5 Healthy Reasons to Pack More Pears Into Your Diet
PSA: they're still in season.
Fun fact: pears are one of the few fruits that ripen best once they're off the tree. Because pears ripen from the inside out, the best way to see if they've reached peak ripeness is to check their neck. To do this, gently press near the stem with your thumb. When it gives to gentle pressure this means it’s ripe, juicy, and ready to eat. If you wait until the pear is soft around the middle, then it will be overripe.
Now that you’ve picked the perfect pear, here are five important health benefits you’ll reap from eating it, according to Amy R. Kweller, MS, RD. Many varieties of U.S. pears (bartlett, comice, concorde, forelle, and seckel) have peak season taste right now, so don’t waste any time.
A medium-sized pear packs 6 grams of fiber, which is 21 percent of the recommended daily value (based on the new Daily Reference Values). Much of the fiber in fresh pears is in the form of pectin, which has been shown to reduce cholesterol and decrease the risk of heart disease. The skin contains the majority of the fiber found in a pear, so be sure to keep the skin on for added flavor, texture, and nutrients.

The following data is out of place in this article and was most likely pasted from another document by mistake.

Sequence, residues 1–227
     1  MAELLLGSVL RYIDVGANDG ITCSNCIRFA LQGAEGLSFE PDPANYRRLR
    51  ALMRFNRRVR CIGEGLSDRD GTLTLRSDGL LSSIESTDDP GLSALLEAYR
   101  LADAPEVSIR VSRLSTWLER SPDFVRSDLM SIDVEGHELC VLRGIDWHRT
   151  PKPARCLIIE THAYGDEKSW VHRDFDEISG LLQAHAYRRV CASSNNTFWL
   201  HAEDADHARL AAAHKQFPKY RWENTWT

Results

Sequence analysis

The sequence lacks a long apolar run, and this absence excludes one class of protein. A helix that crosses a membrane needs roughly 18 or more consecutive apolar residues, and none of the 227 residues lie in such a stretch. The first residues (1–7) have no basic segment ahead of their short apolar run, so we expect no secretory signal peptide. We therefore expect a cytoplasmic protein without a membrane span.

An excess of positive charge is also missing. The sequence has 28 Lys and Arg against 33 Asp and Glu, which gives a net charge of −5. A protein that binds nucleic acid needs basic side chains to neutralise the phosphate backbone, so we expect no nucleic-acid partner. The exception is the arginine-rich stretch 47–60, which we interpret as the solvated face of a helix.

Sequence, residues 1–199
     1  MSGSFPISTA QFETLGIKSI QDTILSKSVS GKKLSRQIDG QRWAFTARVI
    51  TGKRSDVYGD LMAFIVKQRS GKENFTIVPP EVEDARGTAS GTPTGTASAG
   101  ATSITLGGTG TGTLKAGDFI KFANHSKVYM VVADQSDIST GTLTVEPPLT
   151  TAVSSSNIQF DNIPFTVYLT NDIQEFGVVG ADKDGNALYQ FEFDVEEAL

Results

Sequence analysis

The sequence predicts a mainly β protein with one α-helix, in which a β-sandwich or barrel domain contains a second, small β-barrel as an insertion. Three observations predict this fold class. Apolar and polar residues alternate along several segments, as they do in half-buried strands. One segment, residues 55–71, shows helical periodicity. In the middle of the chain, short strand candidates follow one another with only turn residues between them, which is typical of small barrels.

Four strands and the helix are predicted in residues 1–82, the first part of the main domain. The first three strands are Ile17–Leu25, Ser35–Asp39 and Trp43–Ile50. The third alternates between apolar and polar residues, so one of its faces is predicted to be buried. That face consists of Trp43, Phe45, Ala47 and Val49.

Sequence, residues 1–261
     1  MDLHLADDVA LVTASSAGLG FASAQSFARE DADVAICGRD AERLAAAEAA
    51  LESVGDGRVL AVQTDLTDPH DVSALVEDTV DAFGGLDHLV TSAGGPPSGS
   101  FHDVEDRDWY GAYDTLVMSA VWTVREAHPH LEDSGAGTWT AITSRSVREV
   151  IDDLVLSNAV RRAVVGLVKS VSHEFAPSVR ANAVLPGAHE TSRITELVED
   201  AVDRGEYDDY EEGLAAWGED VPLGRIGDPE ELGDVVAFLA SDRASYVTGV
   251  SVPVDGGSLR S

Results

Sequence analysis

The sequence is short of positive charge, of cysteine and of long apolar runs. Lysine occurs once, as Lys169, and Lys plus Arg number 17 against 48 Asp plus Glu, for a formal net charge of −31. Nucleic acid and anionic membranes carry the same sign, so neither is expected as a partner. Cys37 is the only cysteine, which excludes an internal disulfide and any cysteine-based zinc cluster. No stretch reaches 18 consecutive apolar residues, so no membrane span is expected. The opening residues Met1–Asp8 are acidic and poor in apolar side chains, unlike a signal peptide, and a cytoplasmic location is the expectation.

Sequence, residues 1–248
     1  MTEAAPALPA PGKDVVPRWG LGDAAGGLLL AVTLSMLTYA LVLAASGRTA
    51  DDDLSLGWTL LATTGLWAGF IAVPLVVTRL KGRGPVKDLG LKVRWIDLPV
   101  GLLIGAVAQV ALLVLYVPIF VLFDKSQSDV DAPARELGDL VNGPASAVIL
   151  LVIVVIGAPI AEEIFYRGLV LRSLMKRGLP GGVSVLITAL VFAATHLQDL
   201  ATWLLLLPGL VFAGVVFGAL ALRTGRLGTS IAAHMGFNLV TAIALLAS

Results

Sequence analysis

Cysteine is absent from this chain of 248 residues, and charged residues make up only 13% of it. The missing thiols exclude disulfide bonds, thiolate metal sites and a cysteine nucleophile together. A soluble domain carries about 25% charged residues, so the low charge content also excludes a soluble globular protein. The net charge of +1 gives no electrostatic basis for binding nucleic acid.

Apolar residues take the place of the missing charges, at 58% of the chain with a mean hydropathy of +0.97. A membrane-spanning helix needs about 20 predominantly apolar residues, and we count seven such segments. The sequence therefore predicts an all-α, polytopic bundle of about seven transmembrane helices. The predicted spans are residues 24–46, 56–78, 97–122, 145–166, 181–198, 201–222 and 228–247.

A new epidemiological study that was published in JAMA Oncology in October found that high intakes of dietary fiber and yogurt may be associated with a lower risk of developing lung cancer. People who consumed the most fiber (27.8 grams per day among women, 31 grams per day among men) were 17 percent less likely to develop lung cancer than those who consumed less. Those with both high yogurt and high fiber intake had a 33 percent lower risk. This is an interesting development in gut health also because recent research suggests that certain microbes may play a role in lung inflammation. The study investigators believe the prebiotics and probiotics found in fiber-rich foods and yogurt may favorably change the gut microbiome in a way that supports lung health.
Additionally, an in-vitro study showed that as pears are digested, the growth of harmful bacteria slowed without affecting beneficial bacteria with probiotic potential. In this case, the harmful bacteria refers to ulcer-causing Helicobacter pylori, the most common chronic bacterial infection in humans.
Researchers believe pears may be beneficial for heart disease and stroke due to their flavonoids (a class of antioxidants), fiber, and vitamin C content.
Pears are particularly satisfying because of their high fiber content. According to an epidemiology study, adults who eat pears are 35 percent less likely to be obese compared to those who do not eat pears. Another study suggests that eating three pears or apples every day may aid in weight loss compared to eating cookies that have the same amount of calories and fiber.
Everyone’s body needs carbohydrates, and it is best to balance them with fiber, protein, or fat at every meal. Balancing carbohydrates decreases the rate of absorption of glucose, so your blood sugar won’t spike as dramatically. Good carbohydrate choices are those that already contain these nutrients, such as fiber-rich fruits and vegetables, like pears. According to Diabetes Care, the journal of the American Diabetes Association, a medium-sized pear ranks 38 on the glycemic index and is considered a low glycemic food.